Woodford to invest in more startups & SMEs in key strategy change

Neil Woodford, a former star fund manager at Invesco Perpetual, said that his Woodford Patient Capital Trust would not try to raise any more money from clients after losing 3 per cent of its value.

Instead, it would aim to invest as much as 85 per cent of the trust in emerging companies.

“We are very pleased with the shape of the portfolio,” Mr Woodford said in a recorded message to investors.

“It has taken a bit of a knock in the short term, which has been reflected in the [net asset value] coming down in the short term, but we are very confident about where it will be in the next three to five years.”

A year ago, the Woodford Patient Capital Trust raised £800 million from investors with a promise that it would charge performance fees only if it made an annual return of more than 10 per cent.

Otherwise, adminstration fees are charged at 0.1 per cent of assets under management, well below the industry standard. Shares in the trust were issued at a price of 100p, but closed the year at just below 97½p.

Mr Woodford has developed a reputation as Britain’s answer to Warren Buffett, the famed American investor, and yesterday he was on bullish form defending the fund’s performance: “The market backdrop is difficult at the moment, but this market correction will morph into an intelligent, more discerning market in the next few weeks and months,” he said.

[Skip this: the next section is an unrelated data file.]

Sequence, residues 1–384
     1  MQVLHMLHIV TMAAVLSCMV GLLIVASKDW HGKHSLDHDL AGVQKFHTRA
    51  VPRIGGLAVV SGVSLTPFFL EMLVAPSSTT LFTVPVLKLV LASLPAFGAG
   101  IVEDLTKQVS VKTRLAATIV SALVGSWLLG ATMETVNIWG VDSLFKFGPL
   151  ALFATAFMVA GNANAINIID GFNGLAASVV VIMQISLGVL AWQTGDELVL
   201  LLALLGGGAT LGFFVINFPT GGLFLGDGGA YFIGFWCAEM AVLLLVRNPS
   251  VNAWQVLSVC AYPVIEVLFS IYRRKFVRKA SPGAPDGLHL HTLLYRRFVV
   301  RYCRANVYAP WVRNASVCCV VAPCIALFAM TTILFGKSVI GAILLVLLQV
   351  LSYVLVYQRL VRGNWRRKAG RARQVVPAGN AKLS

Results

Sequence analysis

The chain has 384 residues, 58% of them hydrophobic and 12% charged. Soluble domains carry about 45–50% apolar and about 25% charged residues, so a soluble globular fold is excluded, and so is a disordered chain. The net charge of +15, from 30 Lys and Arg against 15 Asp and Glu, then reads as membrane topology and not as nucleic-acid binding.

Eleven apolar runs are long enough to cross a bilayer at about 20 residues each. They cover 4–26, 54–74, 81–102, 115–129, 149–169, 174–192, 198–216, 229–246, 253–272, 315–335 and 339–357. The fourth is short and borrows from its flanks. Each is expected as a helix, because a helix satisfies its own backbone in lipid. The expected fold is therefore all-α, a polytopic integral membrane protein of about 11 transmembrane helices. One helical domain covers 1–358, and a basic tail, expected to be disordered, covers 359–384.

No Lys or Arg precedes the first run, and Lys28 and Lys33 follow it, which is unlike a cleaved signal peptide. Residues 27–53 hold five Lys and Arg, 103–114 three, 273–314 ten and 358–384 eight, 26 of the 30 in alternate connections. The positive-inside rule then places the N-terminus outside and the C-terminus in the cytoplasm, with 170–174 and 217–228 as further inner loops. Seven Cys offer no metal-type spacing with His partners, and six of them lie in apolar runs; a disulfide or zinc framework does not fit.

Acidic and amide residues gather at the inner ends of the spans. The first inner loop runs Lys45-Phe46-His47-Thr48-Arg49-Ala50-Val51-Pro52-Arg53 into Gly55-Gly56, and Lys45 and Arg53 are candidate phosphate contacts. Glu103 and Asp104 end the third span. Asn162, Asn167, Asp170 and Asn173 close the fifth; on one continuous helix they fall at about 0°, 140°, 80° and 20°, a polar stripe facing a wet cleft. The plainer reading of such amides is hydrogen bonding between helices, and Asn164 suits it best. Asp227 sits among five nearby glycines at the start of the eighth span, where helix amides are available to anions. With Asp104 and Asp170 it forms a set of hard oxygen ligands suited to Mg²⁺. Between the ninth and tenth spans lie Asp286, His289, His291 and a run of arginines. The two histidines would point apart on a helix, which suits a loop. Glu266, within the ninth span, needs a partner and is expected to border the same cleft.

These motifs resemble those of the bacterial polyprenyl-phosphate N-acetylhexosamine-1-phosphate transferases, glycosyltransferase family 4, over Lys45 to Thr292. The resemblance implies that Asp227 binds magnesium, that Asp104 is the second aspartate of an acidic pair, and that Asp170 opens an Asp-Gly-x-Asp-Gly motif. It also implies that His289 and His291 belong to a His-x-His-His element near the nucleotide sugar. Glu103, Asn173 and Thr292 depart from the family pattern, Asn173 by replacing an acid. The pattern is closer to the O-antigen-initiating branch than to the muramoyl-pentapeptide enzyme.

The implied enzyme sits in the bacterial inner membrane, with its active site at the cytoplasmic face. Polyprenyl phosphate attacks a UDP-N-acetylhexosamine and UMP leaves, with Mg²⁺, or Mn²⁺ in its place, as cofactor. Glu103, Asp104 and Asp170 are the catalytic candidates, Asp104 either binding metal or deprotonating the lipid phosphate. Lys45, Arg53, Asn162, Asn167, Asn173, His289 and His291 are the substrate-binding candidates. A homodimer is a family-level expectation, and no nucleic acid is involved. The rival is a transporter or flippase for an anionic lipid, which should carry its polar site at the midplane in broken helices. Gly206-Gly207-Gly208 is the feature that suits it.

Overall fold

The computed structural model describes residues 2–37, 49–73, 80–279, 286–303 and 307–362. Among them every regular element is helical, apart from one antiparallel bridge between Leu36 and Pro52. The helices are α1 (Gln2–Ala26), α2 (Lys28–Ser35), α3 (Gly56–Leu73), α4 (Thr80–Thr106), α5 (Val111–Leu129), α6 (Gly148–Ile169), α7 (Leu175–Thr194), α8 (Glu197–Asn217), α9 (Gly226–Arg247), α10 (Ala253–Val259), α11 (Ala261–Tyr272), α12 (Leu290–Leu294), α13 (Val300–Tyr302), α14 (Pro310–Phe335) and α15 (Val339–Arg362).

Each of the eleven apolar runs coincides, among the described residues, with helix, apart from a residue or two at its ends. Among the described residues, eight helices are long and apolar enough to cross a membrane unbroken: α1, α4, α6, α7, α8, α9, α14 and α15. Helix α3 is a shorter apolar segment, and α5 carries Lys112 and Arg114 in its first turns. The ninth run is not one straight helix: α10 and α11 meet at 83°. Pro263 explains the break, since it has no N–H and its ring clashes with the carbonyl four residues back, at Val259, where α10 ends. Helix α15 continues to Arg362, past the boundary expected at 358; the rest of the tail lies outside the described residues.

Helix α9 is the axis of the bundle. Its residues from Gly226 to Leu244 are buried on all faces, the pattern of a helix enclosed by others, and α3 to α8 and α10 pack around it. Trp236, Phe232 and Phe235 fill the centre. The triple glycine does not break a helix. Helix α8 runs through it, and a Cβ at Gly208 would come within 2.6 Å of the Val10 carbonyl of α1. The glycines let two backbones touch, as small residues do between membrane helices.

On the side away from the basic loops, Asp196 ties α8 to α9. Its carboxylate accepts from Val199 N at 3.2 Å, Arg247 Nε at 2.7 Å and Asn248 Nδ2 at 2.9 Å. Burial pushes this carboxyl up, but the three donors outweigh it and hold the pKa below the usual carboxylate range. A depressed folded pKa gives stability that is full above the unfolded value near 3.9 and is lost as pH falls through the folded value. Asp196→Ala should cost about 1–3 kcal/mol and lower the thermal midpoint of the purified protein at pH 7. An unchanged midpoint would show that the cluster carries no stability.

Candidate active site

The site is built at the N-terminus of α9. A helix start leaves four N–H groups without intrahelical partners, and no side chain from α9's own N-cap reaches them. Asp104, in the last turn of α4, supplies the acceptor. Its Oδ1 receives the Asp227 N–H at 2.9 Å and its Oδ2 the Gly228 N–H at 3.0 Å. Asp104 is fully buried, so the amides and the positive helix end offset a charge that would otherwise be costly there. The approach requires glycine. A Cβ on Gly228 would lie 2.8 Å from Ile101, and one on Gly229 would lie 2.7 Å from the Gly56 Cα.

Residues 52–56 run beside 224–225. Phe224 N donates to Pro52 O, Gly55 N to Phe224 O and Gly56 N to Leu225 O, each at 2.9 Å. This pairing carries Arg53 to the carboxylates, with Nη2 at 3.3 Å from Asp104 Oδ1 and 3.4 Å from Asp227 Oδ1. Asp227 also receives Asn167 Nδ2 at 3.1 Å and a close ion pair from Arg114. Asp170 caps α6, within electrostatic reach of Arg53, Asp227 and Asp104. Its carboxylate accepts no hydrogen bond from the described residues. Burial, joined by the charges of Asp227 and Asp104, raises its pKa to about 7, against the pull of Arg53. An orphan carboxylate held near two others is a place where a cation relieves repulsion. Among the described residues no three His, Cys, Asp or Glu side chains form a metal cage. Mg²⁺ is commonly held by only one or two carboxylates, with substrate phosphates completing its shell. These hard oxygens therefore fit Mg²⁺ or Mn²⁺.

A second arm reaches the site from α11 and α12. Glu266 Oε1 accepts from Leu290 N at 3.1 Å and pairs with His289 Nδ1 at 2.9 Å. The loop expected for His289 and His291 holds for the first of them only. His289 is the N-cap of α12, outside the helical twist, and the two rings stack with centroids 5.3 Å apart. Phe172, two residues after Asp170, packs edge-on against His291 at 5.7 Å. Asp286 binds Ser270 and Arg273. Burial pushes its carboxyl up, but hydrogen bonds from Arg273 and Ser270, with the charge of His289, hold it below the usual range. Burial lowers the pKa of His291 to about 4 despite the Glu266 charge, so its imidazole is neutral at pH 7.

“I think when it does the market will begin to work out that some stocks have gone a lot cheaper and some haven’t.”

The lack of fee income from the trust will not be too big a problem for the Oxford-based fund management business. Aside from the trust, Woodford also runs an £8 billion equity income fund that collects a management fee whether or not it hits a certain performance target.

Laith Khalaf, senior analyst at Hargreaves Lansdown, said that the early performance of the trust was not “a great start”, but noted that it had outperformed the wider UK stock market last year.

Mr Woodford has been no stranger to headlines in recent months. In December, it emerged that his fund had suffered losses of $55 million backing Northwest Biotherapeutics, a cancer treatment company.

The fund manager had invested about $180 million to buy a 28 per cent stake in Northwest before disputed allegations were levelled against it by a little-known investment fund.

Since then, Mr Woodford has called for an independent investigation of the claims and the appointment of a former FBI agent to Northwest’s board.

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